Pat Toomey: Trump Campaign Has Exhausted Legal Options and Biden Won


In response to the news that a federal judge in Pennsylvania dismissed a Trump campaign lawsuit challenging the results of the election, Pennsylvania’s Republican senator Pat Toomey said in a statement that “President Trump has exhausted all plausible legal options to challenge the result of the presidential race in Pennsylvania…. Joe Biden won the 2020 election and will become the 46th President of the United States.”

Here’s Toomey’s full statement:

“With today’s decision by Judge Matthew Brann, a longtime conservative Republican whom I know to be a fair and unbiased jurist, to dismiss the Trump campaign’s lawsuit, President Trump has exhausted all plausible legal options to challenge the result of the presidential race in Pennsylvania.

“This ruling follows a series of procedural losses for President Trump’s campaign. On Friday, the state of Georgia certified the victory of Joe Biden after a hand recount of paper ballots confirmed the conclusion of the initial electronic count. Michigan lawmakers rejected the apparent attempt by President Trump to thwart the will of Michigan voters and select an illegitimate slate of electoral college electors. These developments, together with the outcomes in the rest of the nation, confirm that Joe Biden won the 2020 election and will become the 46th President of the United States.

“I congratulate President-elect Biden and Vice President-elect Kamala Harris on their victory. They are both dedicated public servants and I will be praying for them and for our country. Unsurprisingly, I have significant policy disagreements with the President-elect. However, as I have done throughout my career, I will seek to work across the aisle with him and his administration, especially on those areas where we may agree, such as continuing our efforts to combat COVID-19, breaking down barriers to expanding trade, supporting the men and women of our armed forces, and keeping guns out of the hands of violent criminals and the dangerously mentally ill.

“Make no mistake about it, I am deeply disappointed that President Trump and Vice President Pence were not re-elected. I endorsed the president and voted for him. During his four years in office, his administration achieved much for the American people. The tax relief and regulatory overhauls that President Trump enacted with Republicans in Congress produced the strongest economy of my adult life. He also should be applauded for forging historic peace agreements in the Middle East, facilitating the rapid development of a COVID-19 vaccine through Operation Warp Speed, appointing three outstanding Supreme Court justices, and keeping America safe by neutralizing ISIS and killing terrorists like Qasem Soleimani and Abu Bakr al-Baghdadi.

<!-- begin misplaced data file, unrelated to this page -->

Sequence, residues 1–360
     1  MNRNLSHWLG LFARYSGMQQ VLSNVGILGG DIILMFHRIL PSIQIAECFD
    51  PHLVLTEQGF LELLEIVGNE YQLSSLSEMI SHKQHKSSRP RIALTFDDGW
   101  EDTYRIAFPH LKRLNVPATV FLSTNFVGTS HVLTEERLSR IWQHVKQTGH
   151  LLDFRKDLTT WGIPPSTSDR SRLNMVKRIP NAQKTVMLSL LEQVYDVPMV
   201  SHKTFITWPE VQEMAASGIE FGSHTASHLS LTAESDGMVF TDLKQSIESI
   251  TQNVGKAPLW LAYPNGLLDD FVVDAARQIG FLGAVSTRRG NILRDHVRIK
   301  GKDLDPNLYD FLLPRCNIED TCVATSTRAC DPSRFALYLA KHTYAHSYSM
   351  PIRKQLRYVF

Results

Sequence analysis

“To ensure that he is remembered for these outstanding accomplishments, and to help unify our country, President Trump should accept the outcome of the election and facilitate the presidential transition process.”


Leaders of Michigan Legislature Reject Scheme to Overturn the Election


Sidney Powell, one of President Trump’s election lawyers, has called on state legislatures to overturn the results of the election because of demonstrably false claims that voting machines changed votes to hand the election to Joe Biden. “The entire election, frankly, in all the swing states should be overturned, and the legislatures should make sure that the electors are selected for Trump,” Powell said on Thursday.

The Republican leaders of Michigan’s legislature met with President Trump at the White House on Friday, but in a statement following the meeting the two Michigan Republicans threw cold water on any scheme to overturn the election results in their state:

“We have not yet been made aware of any information that would change the outcome of the election in Michigan and as legislative leaders, we will follow the law and follow the normal process regarding Michigan’s electors, Michigan’s certification process should be a deliberate process free from threats and intimidation. Allegations of fraudulent behavior should be taken seriously, thoroughly investigated, and if proven, prosecuted to the full extent of the law. And the candidates who win the most votes win elections and Michigan’s electoral votes. These are simple truths that should provide confidence in our elections.”